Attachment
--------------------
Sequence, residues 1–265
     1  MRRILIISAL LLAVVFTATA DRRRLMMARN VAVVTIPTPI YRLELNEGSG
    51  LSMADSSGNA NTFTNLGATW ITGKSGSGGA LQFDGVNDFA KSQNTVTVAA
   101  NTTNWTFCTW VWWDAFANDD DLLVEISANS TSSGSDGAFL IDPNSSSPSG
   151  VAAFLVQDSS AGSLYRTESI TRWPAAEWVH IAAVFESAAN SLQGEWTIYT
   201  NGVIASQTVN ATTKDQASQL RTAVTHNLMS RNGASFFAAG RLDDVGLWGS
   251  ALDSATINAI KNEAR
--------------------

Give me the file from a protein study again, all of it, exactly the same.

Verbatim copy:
Sequence, residues 1–265
     1  MRRILIISAL LLAVVFTATA DRRRLMMARN VAVVTIPTPI YRLELNEGSG
    51  LSMADSSGNA NTFTNLGATW ITGKSGSGGA LQFDGVNDFA KSQNTVTVAA
   101  NTTNWTFCTW VWWDAFANDD DLLVEISANS TSSGSDGAFL IDPNSSSPSG
   151  VAAFLVQDSS AGSLYRTESI TRWPAAEWVH IAAVFESAAN SLQGEWTIYT
   201  NGVIASQTVN ATTKDQASQL RTAVTHNLMS RNGASFFAAG RLDDVGLWGS
   251  ALDSATINAI KNEAR